This evening, over the course of fairly standard dinner conversation, I was asked why atheists needed to be considered under the same aegis as any other religious group- and why the Human Rights Tribunal of Ontario was getting involved.

I had no idea what she was talking about, but my first thought was essentially along the lines of ‘holy cows, these New Atheists are becoming as dogmatic and doctrinaire as those ‘believers’ from whom they wish to distance themselves.’

My inquisitor sent me this link to a recent ‘Day 6’ discussion on CBC radio.  According to the National Post the case was brought by a a father- from small town Ontario- who, as a ‘secular humanist’ objected to the distribution of Gideons’ Bibles in the public school his children attended.

He countered this by suggesting that Just Pretend: A Freethought Book for Children be made equally available.  The Niagara District School Board did not agree with his suggestion, so the gentleman in question took them to the Human Rights Tribunal on the basis of “discrimination because of creed.”


Okay.   In 2013, what the bleeding hell are the Gideons doing in the PUBLIC SCHOOLS of Ontario passing out bibles?  Unless the bible is being discussed for its value as the mythological representation and source of three of the world’s major religions from a scholarly (i.e. not belief-based) perspective, it does not belong in public, tax-funded schools.

(please don’t get me started on the tax-funded Roman Catholic school system in this country- THAT is a rant for another day…)

Likewise, texts stemming from other world religious traditions should not be present in our public schools except as indicators of history and cultural development, illustrating the similarities and differences that have marked humanity’s evolution.

I, like Mr. Chouinard, self- identify as a secular humanist (or Big-H Humanist- whichever you prefer).  I believe that human decisions have to drive our morality and ethics, but also that we are more than capable of coming to the right moral and ethical decisions without the presumed intervention or influence by any kind of supernatural actor- whether good or evil.

The interworld is full of pithy little posts like this one.

If you’ve been visiting me here at colemining for any length of time, you’ve probably caught on to that by now.

I am an atheist.  I do not believe in any deity/deities nor do I assign such creatures roles in the creation/governance/maintenance/destruction of the universe- both known and unknown.  I believe we create our deities- giving them the characteristics of the other humans we encounter- goodbad, mischievous, helpful, indifferent- and that continuing to rely on these external forces (when we should have learned better by now) is irresponsible and, frankly, a cop out.

All that said (and I will likely say it again), I also do not get- at all– the seeming need of atheists these days to band together into societies, or churches, or Kaffeeklatsch or whatever.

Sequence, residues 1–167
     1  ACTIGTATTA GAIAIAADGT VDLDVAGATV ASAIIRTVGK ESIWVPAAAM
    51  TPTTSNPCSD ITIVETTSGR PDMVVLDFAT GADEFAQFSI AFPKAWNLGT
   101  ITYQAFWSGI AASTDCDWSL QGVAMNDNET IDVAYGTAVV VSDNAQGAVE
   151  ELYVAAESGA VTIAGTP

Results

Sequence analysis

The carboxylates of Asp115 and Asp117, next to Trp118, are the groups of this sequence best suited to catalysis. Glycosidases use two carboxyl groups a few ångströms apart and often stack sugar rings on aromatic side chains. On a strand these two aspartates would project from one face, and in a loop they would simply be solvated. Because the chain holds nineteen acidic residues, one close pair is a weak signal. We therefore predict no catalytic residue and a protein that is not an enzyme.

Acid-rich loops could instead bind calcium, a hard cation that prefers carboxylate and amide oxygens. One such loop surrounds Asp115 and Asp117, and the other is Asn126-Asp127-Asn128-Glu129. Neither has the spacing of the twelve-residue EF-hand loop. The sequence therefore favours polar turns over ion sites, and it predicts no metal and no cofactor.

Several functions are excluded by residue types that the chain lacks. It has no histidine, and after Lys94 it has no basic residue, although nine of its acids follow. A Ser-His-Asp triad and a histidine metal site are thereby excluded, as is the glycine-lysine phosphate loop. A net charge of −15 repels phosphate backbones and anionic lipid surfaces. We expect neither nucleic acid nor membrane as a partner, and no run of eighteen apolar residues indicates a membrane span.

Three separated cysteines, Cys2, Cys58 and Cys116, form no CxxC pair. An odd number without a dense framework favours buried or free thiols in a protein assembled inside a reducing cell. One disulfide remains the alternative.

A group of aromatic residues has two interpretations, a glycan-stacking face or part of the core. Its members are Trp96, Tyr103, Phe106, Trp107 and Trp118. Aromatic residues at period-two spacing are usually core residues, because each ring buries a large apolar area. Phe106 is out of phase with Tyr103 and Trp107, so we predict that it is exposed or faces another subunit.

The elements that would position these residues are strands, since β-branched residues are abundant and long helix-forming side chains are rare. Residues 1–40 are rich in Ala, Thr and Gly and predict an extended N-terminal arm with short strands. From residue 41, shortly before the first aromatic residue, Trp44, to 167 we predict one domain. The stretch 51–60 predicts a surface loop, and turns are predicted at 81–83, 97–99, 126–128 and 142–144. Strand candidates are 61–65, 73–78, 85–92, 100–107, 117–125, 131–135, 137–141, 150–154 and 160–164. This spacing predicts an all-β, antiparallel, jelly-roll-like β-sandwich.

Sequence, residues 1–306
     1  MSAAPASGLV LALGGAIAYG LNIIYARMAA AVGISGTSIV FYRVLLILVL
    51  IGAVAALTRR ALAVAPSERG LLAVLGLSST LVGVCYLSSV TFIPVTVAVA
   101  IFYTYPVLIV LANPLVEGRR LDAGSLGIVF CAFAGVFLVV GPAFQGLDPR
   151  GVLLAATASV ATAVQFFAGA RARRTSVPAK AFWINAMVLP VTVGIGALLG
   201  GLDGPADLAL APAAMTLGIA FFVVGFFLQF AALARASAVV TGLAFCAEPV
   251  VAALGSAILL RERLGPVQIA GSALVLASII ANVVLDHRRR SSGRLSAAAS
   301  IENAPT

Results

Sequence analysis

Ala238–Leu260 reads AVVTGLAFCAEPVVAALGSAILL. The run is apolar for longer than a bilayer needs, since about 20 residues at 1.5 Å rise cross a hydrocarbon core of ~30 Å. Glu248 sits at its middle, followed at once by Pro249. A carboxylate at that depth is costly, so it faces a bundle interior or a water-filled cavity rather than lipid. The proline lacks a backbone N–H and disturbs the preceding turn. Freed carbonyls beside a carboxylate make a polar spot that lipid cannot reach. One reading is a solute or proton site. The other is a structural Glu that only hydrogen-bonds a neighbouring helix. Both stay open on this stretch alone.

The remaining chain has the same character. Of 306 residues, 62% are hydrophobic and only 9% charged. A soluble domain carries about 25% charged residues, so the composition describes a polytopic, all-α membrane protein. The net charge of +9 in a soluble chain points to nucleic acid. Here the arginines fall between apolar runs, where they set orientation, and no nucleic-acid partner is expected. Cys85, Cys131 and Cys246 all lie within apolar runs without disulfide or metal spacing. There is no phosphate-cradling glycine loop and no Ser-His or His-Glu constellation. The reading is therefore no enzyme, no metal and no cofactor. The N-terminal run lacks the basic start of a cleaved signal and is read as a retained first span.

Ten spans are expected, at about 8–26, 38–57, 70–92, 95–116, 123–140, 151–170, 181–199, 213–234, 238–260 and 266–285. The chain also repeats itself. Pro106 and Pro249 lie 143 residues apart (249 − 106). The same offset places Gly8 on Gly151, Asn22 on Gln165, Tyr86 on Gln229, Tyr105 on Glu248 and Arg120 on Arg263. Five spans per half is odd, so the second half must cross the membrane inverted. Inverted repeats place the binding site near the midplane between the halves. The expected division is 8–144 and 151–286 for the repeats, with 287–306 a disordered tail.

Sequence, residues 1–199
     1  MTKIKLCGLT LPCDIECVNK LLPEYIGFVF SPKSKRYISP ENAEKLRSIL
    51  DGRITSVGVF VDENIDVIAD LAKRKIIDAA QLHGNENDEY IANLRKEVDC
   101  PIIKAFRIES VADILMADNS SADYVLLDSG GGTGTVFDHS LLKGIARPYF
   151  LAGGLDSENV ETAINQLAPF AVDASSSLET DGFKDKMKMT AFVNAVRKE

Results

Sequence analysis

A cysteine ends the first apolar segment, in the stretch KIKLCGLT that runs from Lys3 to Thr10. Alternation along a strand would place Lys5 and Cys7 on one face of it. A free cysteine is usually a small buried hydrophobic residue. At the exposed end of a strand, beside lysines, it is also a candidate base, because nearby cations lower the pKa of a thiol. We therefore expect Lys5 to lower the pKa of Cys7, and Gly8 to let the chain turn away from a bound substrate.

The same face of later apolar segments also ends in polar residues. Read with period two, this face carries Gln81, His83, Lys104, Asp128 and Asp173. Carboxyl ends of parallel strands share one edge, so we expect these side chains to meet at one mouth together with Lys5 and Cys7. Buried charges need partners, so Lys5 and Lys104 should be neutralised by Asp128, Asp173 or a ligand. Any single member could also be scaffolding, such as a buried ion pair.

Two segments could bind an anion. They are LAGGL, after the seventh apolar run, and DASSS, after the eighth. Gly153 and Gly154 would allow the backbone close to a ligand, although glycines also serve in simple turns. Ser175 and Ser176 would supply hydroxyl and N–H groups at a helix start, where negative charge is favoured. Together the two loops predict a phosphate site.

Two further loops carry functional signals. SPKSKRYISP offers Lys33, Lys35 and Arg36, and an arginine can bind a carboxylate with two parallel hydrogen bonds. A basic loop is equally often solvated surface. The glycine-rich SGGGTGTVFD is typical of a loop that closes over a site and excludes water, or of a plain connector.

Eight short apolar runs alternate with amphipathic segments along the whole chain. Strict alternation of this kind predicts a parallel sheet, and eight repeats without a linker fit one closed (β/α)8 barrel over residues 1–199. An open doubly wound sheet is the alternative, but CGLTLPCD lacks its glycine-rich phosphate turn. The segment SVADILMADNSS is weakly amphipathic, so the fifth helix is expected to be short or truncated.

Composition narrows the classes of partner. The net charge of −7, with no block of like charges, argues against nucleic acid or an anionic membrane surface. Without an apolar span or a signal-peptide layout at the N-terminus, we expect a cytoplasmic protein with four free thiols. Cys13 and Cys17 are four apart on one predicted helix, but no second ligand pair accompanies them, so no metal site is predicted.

So much of the activity and response I see on atheist websites and chat groups and blogs and television appearances is unreasonably hostile and, well just plain jack-assery.

I saw a recent blog post actually bemoaning the prevalence of atheists who are total jerks, and talking about why they should just freakin stop it.  Had to concur.  The defensiveness and hostility is painful to witness- and it often only very thinly veils an ignorance as deep- and often as ugly- as anything that they are claiming their ideological opponents are guilty of.

Dialogues in which you call your opponents ‘stupid’ aren’t likely to be all that productive- or all that legitimate, argument-wise.

One of the beautiful aspects of Humanism, regardless of specific type or form, is that it respects other humans- for their perspectives, beliefs and ability to contribute to discourse in a reasoned and open-minded manner.

Do I want any one particular faith group having any kind of toe-hold in the public school system that is funded by my tax dollars?  Of course not.  Do I believe that atheists/humanists/secularists can/should be lumped together in any real ideological groupings?  Again, big nope on that one.  People believe/disbelieve different things for all kinds of reasons- and the reasons are not always going to jibe with my own.

And that’s okay.  I can likely learn from them, and hope that they can learn from me.  As I have learned things from people of faith- in all kinds of different things- that I have met over my lifetime.  And as my many students- those who lay claim to a particular religious background and those who do not- have, hopefully learned from me.  From my example and from my perspective.

Atheism is not something that is new and novel (although to hear some people talk, you’d think they came up with the whole thing all by themselves just now).

This guy was talking about it back in the 4th century BCE.

Angry anti-religionists are just as ugly as angry pro-religionists.  I’m not sure why people can’t get that through their heads.

The bitchy back-and-forth fire-and-brimstone vs. reason-and-science has grown tiresome.  Scholars, like Jacques Berlinerblau from Georgetown University in particular, who are emphasizing the importance of regaining true secularism in our political systems- these are the discussions and arguments to which I am paying the most attention at the moment.

Religion, as a human phenomenon, is here to stay.  Short of state-sanctioned ‘reconditioning’ like that seen in Rod Serling’s Twilight Zone episode ‘The Obsolete Man, no one is likely to change the minds of a vast proportion of the population of the world.

I’m not sure that we should be aiming for that sort of thing anyway.  In truly free societies people get to think what they want to think provided it does not negatively impact the lives of their fellow citizens.  This, as Professor Berlinerblau argues in How to be Secular, involves a true separation of religion and State.  We must rethink those laws and policies drawn from putative morality based exclusively in one belief system or another and separate them from the political systems we rely on to govern us, teach our children and provide for our sick, economically and socially challenged citizens.